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Wake up, glutes! Three simple exercises to boost running speed

Sitting at a desk all day can create muscle imbalances. Here’s how to fix it

Vahdaneh Vahid

Published: Updated:

If you’re seeking to improve your running speed and efficiency, it is vital that you learn to use your body functionally.

When running, our muscles work in a contralateral manner. This means we use the muscles in our lats (back) and the opposite glutes, along with the muscles in your trunk and core, to stabilize our gait.

Today’s working culture means many of us are sitting for long periods of time at a desk – something that can create muscle imbalances. We use other muscles in our body to compensate for not using our powerhouse muscles such as our glutes. As a result, these muscle no longer function well.

Infographic: Wake up, glutes! Three simple exercises to boost running speed
Infographic: Wake up, glutes! Three simple exercises to boost running speed

So here are three techniques to help wake up your glutes and allow your body to work as an integrated system, improving your running mechanics.

1. Myofascial release on the hip flexors

For most of us, the muscles located at the front of our hips tend to be tight due to sitting for long periods. This will restrict the ability for other muscles work efficiently. But apply these steps for improved blood circulation and mobility.

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a. Lie face-down over the object of your choice (a PVC pipe, tennis ball or baseball) with your elbows placed on the mat underneath you.

b. To start, locate the boney area at the front of you hips, move one inch down, and off to the side place the ball or PVC pipe undernealth as you lay your body weight on top, allowing yourself to sink into the tender spots slowly, holding the pressure on each tender spot for 1-3 minutes.

c. Slide the ball or pipe further down the front of your thighs. Once you find another tender spot hold that postion and breathe deeply, waiting for the muscle to relax and ease off. Most people will feel tender near the hip and halfway down the leg. Be sure to NOT roll on the joints or boney areas.

d. Slowly work your way up each tender point in the thigh, holding and breathing into that area for 2-5 minutes.

* This technique works best when performed prior to any exercise routine.

2. The functional lunge

I see many dysfunctional patterns in traditional lunges, from hips shifting over to one side more than the other, and poor joint stacking – which means more pressure in the knees rather key muscles, being the butt and back of the legs. Traditional lunges involve a long stride with the feet closer together – which decreases the ability for stability in the body.

The functional lunge, by comparison, focuses on joint stacking, and mimics a running stride, which reduces any pressure in the joints and better activates the muscles in the butt and legs.

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a. Stand with your feet hip-width apart, and pointing straight forward.

b. Take one step forward into a staggered-stance position, ensuring that most of the weight is on the front leg

c. Keep the heel lifted on the back foot.

d. With a slight forward lean of your trunk, draw your navel in, and hinge your front hip back to help load your glutes, lowering yourself towards the ground.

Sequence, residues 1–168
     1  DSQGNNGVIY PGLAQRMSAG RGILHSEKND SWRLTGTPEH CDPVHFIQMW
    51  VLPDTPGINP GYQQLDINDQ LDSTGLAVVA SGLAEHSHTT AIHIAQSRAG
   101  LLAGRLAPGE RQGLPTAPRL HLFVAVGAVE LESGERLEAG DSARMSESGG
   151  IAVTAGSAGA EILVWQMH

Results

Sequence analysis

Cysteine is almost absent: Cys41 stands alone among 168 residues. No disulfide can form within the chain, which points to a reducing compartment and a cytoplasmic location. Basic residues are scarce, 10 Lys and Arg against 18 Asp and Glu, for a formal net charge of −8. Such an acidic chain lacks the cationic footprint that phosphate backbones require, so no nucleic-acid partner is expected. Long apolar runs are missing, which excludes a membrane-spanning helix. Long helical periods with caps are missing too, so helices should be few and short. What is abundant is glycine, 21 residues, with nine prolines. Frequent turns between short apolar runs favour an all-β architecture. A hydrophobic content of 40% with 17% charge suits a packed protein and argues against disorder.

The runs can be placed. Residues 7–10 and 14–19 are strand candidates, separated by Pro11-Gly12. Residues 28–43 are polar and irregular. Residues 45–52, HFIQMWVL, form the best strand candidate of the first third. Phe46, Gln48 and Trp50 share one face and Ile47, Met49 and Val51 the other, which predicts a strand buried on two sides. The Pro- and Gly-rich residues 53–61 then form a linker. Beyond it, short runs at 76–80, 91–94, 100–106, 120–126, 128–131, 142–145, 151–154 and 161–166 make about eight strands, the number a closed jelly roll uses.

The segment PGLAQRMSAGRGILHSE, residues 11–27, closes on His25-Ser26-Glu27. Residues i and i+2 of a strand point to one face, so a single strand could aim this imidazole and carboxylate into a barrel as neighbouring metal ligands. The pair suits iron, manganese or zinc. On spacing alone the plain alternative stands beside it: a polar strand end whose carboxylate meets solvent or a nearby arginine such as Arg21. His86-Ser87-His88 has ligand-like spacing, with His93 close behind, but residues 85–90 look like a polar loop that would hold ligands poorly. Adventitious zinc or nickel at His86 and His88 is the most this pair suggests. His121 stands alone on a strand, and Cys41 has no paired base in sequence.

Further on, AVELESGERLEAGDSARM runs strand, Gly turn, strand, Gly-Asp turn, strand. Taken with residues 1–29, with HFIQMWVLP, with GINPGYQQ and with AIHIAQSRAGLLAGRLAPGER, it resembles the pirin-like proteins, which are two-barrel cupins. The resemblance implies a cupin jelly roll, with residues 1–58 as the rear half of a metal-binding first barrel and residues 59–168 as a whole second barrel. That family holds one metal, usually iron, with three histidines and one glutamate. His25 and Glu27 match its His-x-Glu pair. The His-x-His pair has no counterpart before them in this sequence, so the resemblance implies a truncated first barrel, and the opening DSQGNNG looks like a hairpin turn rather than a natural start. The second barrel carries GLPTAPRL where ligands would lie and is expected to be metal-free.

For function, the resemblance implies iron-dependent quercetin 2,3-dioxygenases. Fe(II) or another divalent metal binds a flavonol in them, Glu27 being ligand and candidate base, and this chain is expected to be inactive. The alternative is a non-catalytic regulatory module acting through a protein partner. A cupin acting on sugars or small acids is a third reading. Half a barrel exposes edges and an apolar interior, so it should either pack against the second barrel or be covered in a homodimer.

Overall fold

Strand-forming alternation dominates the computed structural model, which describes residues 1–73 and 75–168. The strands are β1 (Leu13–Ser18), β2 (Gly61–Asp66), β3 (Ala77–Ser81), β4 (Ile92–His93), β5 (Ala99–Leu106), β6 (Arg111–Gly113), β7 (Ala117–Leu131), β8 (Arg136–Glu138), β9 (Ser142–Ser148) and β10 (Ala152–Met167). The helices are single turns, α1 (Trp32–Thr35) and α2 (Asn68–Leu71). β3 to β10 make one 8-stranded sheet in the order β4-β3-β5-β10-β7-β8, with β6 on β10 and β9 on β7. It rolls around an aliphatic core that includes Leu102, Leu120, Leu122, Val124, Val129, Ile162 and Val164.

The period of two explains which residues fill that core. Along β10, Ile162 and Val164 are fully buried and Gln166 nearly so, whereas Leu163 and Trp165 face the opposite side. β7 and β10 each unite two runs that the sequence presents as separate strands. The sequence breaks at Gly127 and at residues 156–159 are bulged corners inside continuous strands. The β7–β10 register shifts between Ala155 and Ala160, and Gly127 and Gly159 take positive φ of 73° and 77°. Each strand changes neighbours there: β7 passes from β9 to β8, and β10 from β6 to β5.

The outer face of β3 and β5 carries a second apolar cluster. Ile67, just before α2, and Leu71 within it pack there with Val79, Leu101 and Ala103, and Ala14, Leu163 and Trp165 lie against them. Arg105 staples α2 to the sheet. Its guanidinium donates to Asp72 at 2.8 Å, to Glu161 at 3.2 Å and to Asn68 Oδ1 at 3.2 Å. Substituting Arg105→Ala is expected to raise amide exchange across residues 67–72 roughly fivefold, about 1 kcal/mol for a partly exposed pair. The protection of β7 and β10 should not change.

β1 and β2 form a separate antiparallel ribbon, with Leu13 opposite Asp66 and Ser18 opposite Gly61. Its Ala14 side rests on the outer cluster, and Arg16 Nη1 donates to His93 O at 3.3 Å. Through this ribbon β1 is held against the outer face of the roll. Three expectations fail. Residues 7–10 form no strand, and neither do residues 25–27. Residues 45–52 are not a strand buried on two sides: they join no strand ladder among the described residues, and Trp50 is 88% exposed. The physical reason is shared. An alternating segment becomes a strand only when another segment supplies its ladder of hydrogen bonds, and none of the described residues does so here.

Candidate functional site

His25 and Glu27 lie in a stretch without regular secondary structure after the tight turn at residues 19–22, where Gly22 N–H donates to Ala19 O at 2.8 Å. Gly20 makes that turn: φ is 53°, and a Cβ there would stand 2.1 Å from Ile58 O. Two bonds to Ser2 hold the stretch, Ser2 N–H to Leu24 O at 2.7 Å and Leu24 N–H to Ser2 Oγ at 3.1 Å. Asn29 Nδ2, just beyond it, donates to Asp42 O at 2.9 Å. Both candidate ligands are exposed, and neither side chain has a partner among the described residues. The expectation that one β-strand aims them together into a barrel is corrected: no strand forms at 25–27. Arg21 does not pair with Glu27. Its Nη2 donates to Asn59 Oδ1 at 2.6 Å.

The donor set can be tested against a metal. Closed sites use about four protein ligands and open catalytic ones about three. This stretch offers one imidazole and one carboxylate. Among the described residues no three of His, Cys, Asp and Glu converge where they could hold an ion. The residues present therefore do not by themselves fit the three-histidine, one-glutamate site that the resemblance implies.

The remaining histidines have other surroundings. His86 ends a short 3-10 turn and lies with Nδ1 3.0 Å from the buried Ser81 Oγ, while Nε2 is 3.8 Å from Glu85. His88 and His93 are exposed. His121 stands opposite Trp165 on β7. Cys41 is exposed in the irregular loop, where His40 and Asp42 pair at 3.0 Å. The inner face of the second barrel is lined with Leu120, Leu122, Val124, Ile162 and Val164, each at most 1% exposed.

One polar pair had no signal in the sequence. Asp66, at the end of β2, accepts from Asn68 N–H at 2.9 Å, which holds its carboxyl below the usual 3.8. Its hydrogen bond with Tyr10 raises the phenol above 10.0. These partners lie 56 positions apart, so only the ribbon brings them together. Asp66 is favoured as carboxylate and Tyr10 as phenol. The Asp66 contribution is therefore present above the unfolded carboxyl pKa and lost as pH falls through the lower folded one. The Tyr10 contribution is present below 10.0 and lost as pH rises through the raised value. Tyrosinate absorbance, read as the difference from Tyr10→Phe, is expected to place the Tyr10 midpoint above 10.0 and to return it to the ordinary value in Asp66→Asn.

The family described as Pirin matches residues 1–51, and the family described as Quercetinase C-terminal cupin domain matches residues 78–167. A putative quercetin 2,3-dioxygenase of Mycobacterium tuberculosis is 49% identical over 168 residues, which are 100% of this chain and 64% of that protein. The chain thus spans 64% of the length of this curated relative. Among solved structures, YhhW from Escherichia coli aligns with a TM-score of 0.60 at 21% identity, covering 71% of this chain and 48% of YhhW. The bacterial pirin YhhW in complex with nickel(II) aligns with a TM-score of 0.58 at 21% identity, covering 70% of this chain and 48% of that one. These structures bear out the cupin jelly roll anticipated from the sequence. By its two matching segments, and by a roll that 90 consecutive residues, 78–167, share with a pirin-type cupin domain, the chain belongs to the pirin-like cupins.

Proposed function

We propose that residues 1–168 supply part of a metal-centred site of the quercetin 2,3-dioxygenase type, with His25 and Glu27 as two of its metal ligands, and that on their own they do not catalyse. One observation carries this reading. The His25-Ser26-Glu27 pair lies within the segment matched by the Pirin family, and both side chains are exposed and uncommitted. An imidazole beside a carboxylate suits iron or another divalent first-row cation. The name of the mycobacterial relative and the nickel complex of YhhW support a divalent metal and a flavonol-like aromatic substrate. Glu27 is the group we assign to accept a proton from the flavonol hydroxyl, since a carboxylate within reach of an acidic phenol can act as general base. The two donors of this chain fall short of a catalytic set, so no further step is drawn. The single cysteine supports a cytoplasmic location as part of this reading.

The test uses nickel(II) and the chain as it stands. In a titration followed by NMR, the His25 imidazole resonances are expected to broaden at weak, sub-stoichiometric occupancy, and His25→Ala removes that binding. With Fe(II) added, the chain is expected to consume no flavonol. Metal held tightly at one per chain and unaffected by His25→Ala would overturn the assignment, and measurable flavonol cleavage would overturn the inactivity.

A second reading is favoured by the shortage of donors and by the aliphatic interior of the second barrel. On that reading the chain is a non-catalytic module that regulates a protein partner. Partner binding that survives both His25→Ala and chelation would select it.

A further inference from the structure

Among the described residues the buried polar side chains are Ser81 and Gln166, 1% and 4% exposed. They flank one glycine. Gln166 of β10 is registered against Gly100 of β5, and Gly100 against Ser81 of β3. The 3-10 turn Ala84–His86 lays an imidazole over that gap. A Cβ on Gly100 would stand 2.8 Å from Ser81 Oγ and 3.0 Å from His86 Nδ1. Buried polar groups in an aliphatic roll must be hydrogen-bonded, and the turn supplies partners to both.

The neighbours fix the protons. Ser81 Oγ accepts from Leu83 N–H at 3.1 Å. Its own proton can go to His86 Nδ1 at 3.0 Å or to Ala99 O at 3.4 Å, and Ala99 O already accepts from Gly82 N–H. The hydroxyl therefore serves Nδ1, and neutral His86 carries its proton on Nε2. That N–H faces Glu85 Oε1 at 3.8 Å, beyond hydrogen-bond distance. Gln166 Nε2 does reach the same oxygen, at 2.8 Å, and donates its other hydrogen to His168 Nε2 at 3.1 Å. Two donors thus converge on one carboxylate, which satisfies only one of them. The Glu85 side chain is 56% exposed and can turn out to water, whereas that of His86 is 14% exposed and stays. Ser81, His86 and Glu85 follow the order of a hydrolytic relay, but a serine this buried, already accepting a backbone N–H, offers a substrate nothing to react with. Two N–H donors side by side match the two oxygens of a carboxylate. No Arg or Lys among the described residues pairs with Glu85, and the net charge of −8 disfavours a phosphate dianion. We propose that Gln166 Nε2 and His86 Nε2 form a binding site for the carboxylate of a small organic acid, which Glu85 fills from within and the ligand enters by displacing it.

* Avoid lifting the heel on the front leg off the ground as it should always remain grounded, and don’t allow the knee to move forward past the ankle.

* Be sure your feet do not get too close together as this will narrow the base of your support and decrease core stability.

* If this lunge is performed correctly you will feel a significant amount of muscle activation in the back of your thighs and glutes.

3. The contralateral step pull exercise

This functional exercise activates the muscles in your posterior oblique system (back, the opposite butt and trunk). Involving a step mimics the functional application of what we do when running, and therefore has an extremely high carry over to building functionality.

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a. Stand in a staggered stance position, one leg forward and one leg kicked back, with your back heel off the ground

b. Hold a resistance band with the same arm off the front leg, keeping the arm stretched out in front of you. Keep your shoulder blade retracted (pinched together) to avoid any rounding in your back. Slightly rotate your truck to the opposite direction of your arm to allow for a stretch to begin in your obliques (abs).

c. Keep your mid-back extended. Now posteriorally tilt your pelvis (tuck under your hips) and simultaneously draw your navel in to activate your core muscles.

d. Now press off the front leg to drive the opposite leg forward

e. Simultaneously pull the resistance band into a row as you do so.

f. Allow your opposite arm to shoot forward acting as a counterbalance. You may have to do this movement slow and controlled several times, making slight adjustments on each step.

g. It is important to keep the movement minimal in your hips. Instead allow for rotation to come from the ribcage and mid-back, whilst you remain upright with good posture.

h. Repeat this move with the other arm changing the foot positioning.

* There are no given sets or reps for this exercise, given it is more about performing it well, with good form, and activating the key muscles correctly in your trunk, back and the opposite glutes.

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Fitness expert Vahdaneh Vahid can be reached on Facebook and Instagram.